Archive for the 'South America' Category

Not Watching the World Cup

Watching the finals, four years ago in Merida

Four years ago. Cement and humidity. Rattling bus ride, stomach-sick and backpack-heavy, up and over, along the coast and back in again. Everything laced in car exhaust and heat, the smoke off cooking meat, the horn blows of “Hips Don’t Lie”—and the crackle of television sets, shoulders hunched around the static glow.

I’ll admit that I didn’t really know what the World Cup was before the last one. Cause I’m American and we’re generally not aware of things outside our own culture (as captured by this Simpsons episode). But four years ago, I got a crash course: I was traveling during the entire duration of the World Cup. I didn’t know shit about the game, and kindly fellow travelers tried repeatedly to educate me, but it was pretty much a loss. What got to me, though, was the way the World Cup consumed the places I was in, and completely took over daily life.

It started slowly. During the first rounds, just a couple dudes holed up in the kitchen of the youth hostel on drizzly Bogota afternoons. They made a list of all participating countries, along with offensive, politically incorrect nicknames they invented with their apparent oddles of free time (the only one I can remember is “Portugal: Little Brazil”).

As I snaked through the murderous mountains, bus break downs and military checkpoints, the intensity of the World Cup gathered speed. By the time I got to the sweltering, smoggy Caribbean coast, it was in full swing: TVs pulled out onto the Santa Marta street corners, men on folding cars, kids crosslegged, staring transfixed. Colombia wasn’t even in the games. It didn’t seem to matter.

I’ve heard reasons for why soccer isn’t big in the US, and why football (American football) is—basically, that football is tailor-made for commercial breaks and thus commercialization, while soccer’s lengthy sets make it untelevisable, in the American sense. It seemed like a plausible explanation. “I must say, it’s rather nice,” the British girl told me, leaning in and soft-voiced, “to have this one huge thing that America isn’t really a part of.”

I was in Merida, Venezuela for the final game. It was like Super Bowl Sunday times ten—you couldn’t really do anything else but watch the game. So I hung out at my hostel and pretended to follow along.

We went out for a walk after the end of the game, to survey the goings on. The city was transformed into a Venezuelan sideshow: a choke of traffic, horns and revving engines, kids hanging entire torsos out of the windows of moving vehicles, everyone chanting: “Italia! Italia!” I could only imagine what it must have been like in Italy.

The energy of it, the global ecstatic energy, felt like an addictive, consuming and altogether foreign thing. Was this what was going on while Americans were busy tailgating and spending $6 for a Budweiser? The raw emotion of it reminded me of a Sherman Alexie poem I’d read years ago:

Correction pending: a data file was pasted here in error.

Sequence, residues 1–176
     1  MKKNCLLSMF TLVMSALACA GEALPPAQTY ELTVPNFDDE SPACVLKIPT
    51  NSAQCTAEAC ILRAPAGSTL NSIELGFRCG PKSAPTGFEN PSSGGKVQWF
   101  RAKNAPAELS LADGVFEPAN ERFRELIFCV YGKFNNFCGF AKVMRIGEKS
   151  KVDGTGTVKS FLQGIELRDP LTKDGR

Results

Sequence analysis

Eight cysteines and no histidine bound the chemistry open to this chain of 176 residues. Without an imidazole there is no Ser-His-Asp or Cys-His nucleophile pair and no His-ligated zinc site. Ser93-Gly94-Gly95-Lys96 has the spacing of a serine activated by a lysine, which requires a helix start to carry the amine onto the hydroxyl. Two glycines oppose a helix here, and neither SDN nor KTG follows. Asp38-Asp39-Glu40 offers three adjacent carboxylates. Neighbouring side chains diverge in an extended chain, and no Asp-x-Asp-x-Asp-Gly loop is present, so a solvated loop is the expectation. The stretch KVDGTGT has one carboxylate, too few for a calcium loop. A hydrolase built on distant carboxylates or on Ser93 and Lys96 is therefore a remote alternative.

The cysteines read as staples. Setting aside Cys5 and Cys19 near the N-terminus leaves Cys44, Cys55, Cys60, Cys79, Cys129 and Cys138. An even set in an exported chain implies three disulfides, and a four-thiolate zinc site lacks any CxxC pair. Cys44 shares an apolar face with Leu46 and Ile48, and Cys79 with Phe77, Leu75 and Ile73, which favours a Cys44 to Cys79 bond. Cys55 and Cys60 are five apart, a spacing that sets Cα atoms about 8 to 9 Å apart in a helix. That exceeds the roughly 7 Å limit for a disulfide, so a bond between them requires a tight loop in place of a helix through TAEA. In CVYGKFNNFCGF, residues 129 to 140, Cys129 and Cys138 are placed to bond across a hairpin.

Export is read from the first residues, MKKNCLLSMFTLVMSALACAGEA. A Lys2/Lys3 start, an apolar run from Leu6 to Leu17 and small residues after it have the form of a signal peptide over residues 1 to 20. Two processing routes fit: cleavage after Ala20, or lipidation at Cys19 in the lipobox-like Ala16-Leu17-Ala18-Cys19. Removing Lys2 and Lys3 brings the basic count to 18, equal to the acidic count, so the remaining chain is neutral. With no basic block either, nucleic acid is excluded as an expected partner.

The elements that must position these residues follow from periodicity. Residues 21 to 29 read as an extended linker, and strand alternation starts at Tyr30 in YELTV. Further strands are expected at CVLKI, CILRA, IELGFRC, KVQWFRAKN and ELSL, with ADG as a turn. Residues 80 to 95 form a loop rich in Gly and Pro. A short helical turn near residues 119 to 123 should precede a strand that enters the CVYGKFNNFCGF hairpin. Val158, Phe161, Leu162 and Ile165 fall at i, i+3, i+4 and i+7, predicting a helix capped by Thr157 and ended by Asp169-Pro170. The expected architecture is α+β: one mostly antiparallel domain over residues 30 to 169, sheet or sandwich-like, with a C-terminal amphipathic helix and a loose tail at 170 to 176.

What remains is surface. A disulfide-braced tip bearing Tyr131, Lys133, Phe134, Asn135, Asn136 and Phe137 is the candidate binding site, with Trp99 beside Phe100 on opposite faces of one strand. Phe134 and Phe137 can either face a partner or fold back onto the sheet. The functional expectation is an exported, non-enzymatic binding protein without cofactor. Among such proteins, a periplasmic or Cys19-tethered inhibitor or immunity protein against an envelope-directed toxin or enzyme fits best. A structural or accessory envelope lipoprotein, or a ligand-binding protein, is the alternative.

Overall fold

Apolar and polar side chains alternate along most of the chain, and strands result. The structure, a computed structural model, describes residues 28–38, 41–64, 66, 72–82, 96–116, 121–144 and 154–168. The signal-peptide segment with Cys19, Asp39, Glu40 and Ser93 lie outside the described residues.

On TV, more soccer riots in Europe.
There would be riots in American stadiums
during our particular games
if the people who had reason to riot
could pay the price for admission.

Like anything, like any time you travel and are surrounded by some awesome and immersive cultural force, you want to feel a part of it. But there’s always that little twinge, that hint, a prickle in the back of your neck, that you’re separate, somehow apart from—that you don’t really understand, not deeply enough, and that you’ll always be a little on the outside.

Do you ever play that game with yourself?—“the next time this happens, I wonder where I’ll be.” Four years older, but not where I supposed: still in the US, still waiting tables, still scraping money together here and there for little trips. Not the life I expected, or the one I even wanted, but the one I’ve ended up in: arrived in, disoriented and unsure, a noisy bus station on the smog-choked side of town.

So I didn’t join in the fuss this time around. I didn’t watch the games or pretend to follow along, didn’t ride the train out to Civic Center on Sunday to sit on the grass and squint at a big projection screen. I didn’t tweet my predictions or try to seem more international than I was really was by feigning interest (ahem, covered quite nicely here).

I let it pass quietly, peripherally—like a party going on in the apartment downstairs, when you look around the dim light of your bedroom and sigh. You put in some ear plugs and let the noise fade, feeling the foam expand as you fall asleep. In the morning, life returns to normal, and you try not to think about where you’ll be for the next one, in another four years.

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Estudy of Estyle: Chilean Street Art and Figuring Out What the Hell It Is I Have to Say

There’s something I’ve been thinking a lot about, but struggling to find the words to explain: the connection between travel and street art. I’ve had fumbling conversations in which I attempt to articulate it, flapping my lips like hands gasping at butterflies, trying to gather vague supports for an unformed thesis. An idea has been forming in me, very far inside my brain, amid the murmuring currents of subconsciousness—like a toddler without the vocabulary to express herself, feeling emotions she doesn’t understand, but only knows are true.